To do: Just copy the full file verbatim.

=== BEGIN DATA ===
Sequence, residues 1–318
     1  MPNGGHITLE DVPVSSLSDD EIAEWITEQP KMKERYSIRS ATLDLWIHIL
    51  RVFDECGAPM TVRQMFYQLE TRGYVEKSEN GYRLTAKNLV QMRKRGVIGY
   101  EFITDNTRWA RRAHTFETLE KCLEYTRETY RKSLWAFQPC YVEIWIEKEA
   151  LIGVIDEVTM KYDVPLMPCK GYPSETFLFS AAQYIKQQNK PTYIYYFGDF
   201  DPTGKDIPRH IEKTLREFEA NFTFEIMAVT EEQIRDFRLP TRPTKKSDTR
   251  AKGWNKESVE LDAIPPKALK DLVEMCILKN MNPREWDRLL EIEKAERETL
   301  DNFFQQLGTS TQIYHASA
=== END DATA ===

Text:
Sequence, residues 1–318
     1  MPNGGHITLE DVPVSSLSDD EIAEWITEQP KMKERYSIRS ATLDLWIHIL
    51  RVFDECGAPM TVRQMFYQLE TRGYVEKSEN GYRLTAKNLV QMRKRGVIGY
   101  EFITDNTRWA RRAHTFETLE KCLEYTRETY RKSLWAFQPC YVEIWIEKEA
   151  LIGVIDEVTM KYDVPLMPCK GYPSETFLFS AAQYIKQQNK PTYIYYFGDF
   201  DPTGKDIPRH IEKTLREFEA NFTFEIMAVT EEQIRDFRLP TRPTKKSDTR
   251  AKGWNKESVE LDAIPPKALK DLVEMCILKN MNPREWDRLL EIEKAERETL
   301  DNFFQQLGTS TQIYHASA